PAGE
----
covercropAlmond grower Gino Favagrossa has been working with cover crops for decades to improve water infiltration in low-permeable soils, but now selects bee-friendly mixes that provide a desirable forage source for bees in his orchard after almond pollination.

     Almond grower Gino Favagrossa plants a cover crop in his orchard not only to improve water infiltration and fix nitrogen, but also to keep bees and his beekeepers happy.

    “Beehive rentals are one of the top three expenses in our budget, and we want to build long-term relationships with our beekeepers that can help guarantee us bees year in and year out,” he said.

    Providing postbloom habitat for bees by planting clover cover crops in his orchard middles gives Favagrossa’s bees a food source between almond pollination and honey production that helps in building those long-term relationships with his beekeepers.

     Given almond industry growth and limited soil moisture due to the ongoing drought, harvest activities are likely to kick up more dust than usual. In an effort to reduce those impacts, Almond Board of California recently hosted a half-day workshop in Modesto to share the latest dustreduction research and techniques, air quality regulations and funding opportunities.

     The event featured experts from UC Davis, San Joaquin Valley Air Pollution Control District, Natural Resources Conservation Service (NRCS) and the Almond Board. In addition, representatives from almond harvest equipment manufacturers Exact Corp. and Flory Industries showcased new technology and innovations related to dust reduction.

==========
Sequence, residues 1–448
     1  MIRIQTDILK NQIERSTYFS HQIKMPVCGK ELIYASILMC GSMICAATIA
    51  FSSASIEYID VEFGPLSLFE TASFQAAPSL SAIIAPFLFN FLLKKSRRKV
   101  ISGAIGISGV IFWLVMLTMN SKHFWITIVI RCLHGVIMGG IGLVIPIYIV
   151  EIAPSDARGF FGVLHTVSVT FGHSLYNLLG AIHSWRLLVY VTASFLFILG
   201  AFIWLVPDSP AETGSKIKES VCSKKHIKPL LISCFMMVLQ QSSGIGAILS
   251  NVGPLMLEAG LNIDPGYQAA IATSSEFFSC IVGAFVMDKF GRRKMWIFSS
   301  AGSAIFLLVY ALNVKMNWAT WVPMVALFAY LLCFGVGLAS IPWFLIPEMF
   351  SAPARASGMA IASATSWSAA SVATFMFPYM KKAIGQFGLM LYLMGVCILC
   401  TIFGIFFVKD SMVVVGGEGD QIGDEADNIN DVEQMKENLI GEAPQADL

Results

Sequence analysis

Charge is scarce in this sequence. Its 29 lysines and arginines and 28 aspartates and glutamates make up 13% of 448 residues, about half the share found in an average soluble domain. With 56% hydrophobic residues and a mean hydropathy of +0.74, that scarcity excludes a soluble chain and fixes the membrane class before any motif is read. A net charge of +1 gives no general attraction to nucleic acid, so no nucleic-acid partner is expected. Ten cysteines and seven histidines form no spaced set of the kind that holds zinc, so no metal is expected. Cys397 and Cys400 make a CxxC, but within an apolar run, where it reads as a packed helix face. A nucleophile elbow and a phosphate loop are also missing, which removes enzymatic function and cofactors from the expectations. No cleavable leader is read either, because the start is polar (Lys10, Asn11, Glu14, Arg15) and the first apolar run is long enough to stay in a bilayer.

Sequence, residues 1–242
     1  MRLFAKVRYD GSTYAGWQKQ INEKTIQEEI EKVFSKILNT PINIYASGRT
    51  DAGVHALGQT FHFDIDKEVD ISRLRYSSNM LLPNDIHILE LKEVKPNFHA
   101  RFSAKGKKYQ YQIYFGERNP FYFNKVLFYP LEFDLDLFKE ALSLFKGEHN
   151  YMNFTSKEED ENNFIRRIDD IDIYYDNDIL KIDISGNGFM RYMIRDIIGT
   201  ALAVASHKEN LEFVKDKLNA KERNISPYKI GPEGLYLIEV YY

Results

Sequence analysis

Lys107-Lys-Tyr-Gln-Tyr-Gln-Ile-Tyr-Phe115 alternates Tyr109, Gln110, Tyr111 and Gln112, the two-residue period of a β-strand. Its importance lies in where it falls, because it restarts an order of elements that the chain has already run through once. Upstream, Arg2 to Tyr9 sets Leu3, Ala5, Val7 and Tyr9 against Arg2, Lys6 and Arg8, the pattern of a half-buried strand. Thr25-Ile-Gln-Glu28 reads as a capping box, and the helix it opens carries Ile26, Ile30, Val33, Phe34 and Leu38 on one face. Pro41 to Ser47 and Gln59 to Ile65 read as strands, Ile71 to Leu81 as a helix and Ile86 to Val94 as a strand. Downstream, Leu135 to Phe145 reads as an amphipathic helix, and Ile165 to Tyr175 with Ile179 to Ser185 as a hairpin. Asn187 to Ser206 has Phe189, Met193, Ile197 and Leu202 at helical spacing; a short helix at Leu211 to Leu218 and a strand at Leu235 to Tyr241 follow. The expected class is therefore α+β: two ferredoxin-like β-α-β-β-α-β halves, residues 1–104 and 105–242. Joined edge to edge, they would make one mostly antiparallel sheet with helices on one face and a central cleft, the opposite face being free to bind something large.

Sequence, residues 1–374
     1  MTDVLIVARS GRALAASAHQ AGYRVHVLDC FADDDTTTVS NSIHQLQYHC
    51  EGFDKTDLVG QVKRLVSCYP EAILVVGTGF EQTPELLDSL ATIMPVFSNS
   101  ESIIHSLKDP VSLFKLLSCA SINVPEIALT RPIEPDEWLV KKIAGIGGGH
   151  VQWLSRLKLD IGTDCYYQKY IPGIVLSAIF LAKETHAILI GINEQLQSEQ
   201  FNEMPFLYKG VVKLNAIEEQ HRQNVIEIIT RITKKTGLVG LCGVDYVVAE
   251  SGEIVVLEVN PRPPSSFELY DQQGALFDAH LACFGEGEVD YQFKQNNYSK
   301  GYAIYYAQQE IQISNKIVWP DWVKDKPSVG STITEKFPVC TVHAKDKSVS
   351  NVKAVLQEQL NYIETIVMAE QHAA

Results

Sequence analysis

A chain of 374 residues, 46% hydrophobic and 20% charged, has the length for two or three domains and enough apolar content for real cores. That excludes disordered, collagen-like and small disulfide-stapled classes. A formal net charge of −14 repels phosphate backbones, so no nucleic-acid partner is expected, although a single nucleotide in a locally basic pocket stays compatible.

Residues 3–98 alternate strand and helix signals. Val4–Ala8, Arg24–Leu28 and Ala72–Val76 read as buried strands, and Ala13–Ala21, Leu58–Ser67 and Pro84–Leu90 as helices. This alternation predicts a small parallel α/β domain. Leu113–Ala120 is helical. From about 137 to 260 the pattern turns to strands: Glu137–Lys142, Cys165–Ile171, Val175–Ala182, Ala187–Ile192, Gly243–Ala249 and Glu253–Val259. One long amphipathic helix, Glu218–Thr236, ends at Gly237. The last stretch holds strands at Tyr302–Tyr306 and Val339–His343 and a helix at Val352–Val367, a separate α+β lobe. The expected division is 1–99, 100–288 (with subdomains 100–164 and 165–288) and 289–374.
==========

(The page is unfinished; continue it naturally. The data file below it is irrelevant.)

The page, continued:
2015 harvest time updates 1Dead spurs and branches from Hull Rot in Nonpareil. Applying a fungicide at this point will not reduce damage.

Over the past week, a few interesting observations have been made. These include:
 
     1. Hull rot in Nonpareil appears worse in many ‘Nonpareil’ orchards. This is most likely due to the higher-than-normal humidity levels experienced during the initiation of hull-split. Most of the hull rot appears to be from the black bread mold Rhizopus. The dieback being observed is from the translocation of the toxin back into the limb. This often causes gumming which can reduce the ability to remove nuts during shaking. Applying a fungicide now will not cure the infections or prevent the movement of the toxin.
 
     2. There have been several reports of Fuller Rose Beetles clogging micro-sprinklers. These insects lay a mass of eggs in the opening of the sprinklers, reducing water flow. Surprisingly, reports are even coming from growers who have switched to pop-up micro-sprinklers, which are considered more resistant to clogging. This nocturnal beetle has one generation per year with most of the adult activity occurring in August – October. The beetle needs to feed on leaves for a few weeks prior to laying eggs. Although chemigation of the soil is not effective for controlling the insect or eggs, there is some thought that treating the trunks with a registered broad spectrum insecticide may kill the beetle as it migrates from the soil to the trunk. If attempting this strategy, be wary of the PHI of the product you are planning to use. More information can be found in this presentation and at the UC IPM website (You may need to look under a different crop). Keep in mind that the best long-term management of this pest has been through the use of clog resistant, pop-up type microsprinklers.